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New Research on Depression in the Workplace.

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JOURNAL

Mental Health Matters Journal for Psychiatrists & GP's

MHM September 207x300

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SPEAKING BOOKS

suicide book

Literacy is a luxury that many of us take for granted.  We depend on written communication for information, guidance, and access to heath care information That is why SADAG created SPEAKING BOOKS and revolutionized the way information is delivered to low literacy communities. It's exactly what it sounds like.a book that talks to the reader in his or her local  language, delivering critical information in an interactive, and educational way.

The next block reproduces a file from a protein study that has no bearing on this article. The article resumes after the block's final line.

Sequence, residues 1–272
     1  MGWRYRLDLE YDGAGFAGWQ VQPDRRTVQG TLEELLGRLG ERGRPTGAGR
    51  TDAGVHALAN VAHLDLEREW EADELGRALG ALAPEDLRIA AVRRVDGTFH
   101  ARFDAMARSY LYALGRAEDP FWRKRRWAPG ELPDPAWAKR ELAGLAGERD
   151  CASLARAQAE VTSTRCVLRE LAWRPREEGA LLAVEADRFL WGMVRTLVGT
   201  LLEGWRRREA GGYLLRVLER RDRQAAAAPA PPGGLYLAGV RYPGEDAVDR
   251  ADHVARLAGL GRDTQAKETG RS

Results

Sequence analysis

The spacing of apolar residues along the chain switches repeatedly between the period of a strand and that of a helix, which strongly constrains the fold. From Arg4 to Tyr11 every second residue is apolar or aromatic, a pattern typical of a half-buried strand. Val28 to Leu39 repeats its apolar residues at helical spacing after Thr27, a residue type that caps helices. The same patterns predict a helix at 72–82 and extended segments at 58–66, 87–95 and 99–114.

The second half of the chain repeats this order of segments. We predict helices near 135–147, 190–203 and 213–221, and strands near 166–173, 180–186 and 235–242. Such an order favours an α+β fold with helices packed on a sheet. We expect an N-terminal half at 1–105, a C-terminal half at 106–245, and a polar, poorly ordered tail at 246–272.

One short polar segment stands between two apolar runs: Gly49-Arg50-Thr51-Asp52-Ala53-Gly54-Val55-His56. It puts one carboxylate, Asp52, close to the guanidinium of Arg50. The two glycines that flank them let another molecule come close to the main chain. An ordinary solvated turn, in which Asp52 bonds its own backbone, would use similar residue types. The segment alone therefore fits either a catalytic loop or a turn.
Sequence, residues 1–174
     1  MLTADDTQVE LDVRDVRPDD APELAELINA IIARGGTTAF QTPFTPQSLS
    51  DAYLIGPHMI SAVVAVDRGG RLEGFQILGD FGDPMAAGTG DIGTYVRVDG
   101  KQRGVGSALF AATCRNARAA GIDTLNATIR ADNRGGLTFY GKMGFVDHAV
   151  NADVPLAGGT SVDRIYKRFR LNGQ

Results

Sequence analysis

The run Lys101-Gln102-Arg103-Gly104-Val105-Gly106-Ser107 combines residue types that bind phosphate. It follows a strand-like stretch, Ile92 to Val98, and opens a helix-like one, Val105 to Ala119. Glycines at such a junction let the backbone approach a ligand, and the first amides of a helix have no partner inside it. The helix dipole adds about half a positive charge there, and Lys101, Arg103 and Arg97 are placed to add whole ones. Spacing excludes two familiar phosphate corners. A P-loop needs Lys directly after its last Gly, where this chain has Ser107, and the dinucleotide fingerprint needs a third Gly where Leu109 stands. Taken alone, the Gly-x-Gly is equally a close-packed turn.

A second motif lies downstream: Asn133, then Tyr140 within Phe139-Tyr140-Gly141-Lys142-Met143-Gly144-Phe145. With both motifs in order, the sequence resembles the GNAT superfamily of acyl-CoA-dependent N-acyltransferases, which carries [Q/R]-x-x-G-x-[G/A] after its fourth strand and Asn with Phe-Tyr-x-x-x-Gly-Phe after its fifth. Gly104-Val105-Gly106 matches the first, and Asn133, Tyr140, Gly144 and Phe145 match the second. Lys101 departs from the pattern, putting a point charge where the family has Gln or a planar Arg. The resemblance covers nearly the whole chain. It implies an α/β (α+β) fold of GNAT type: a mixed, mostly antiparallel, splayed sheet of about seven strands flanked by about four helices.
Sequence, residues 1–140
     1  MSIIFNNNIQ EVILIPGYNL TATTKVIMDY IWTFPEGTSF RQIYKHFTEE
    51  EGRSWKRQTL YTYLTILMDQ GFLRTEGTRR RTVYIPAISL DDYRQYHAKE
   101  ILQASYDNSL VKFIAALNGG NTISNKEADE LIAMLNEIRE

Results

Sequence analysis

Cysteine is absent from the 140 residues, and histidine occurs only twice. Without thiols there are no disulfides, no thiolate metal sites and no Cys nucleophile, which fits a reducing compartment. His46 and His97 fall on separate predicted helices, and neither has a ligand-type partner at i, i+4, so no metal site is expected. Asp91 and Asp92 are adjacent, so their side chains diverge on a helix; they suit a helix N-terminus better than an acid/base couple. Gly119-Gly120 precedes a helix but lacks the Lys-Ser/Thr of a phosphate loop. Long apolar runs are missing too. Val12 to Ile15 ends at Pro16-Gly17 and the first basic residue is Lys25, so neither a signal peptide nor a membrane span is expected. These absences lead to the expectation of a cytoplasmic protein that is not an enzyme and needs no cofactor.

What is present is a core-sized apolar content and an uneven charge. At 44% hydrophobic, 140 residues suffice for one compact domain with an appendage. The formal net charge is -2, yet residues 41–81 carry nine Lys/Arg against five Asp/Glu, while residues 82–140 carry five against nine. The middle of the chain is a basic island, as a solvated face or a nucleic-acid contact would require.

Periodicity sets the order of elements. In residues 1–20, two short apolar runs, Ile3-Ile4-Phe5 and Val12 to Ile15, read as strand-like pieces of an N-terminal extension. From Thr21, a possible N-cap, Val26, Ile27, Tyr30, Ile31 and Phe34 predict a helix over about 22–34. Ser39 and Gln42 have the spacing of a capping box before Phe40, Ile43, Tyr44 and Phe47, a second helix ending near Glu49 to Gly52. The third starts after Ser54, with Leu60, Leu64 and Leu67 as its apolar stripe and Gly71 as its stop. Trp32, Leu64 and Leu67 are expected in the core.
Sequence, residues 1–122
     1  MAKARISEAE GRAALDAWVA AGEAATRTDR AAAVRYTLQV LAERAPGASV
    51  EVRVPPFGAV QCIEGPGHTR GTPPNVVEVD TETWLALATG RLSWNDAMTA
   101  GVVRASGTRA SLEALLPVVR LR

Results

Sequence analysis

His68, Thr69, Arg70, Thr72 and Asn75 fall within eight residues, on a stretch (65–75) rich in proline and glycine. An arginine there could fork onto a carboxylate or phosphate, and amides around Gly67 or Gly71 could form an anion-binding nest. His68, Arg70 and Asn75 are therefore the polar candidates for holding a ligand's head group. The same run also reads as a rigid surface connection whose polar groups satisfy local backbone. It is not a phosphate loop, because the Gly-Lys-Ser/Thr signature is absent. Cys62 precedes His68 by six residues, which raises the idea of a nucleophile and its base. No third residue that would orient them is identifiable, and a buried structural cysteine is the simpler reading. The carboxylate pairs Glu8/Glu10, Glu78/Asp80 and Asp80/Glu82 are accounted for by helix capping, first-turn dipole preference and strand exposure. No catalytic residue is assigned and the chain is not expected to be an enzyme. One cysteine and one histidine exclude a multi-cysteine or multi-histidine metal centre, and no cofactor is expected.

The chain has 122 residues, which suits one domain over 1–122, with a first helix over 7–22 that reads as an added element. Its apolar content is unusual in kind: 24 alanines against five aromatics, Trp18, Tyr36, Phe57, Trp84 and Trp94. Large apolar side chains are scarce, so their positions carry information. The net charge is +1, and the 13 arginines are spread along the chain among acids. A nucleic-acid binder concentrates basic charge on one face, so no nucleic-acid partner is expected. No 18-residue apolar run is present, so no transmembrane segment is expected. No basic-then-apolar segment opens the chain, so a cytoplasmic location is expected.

The customizable 16-page book, accompanied by local celebrity audio recordings, ensures that vital health and social messages can be seen, heard, read and understood..

We started with books on Teen Suicide prevention , HIV, AIDS and Depression, Understanding Mental Health and have developed over 30 titles, such as TB, Malaria, Polio, Vaccines for over 30 countries.

depression book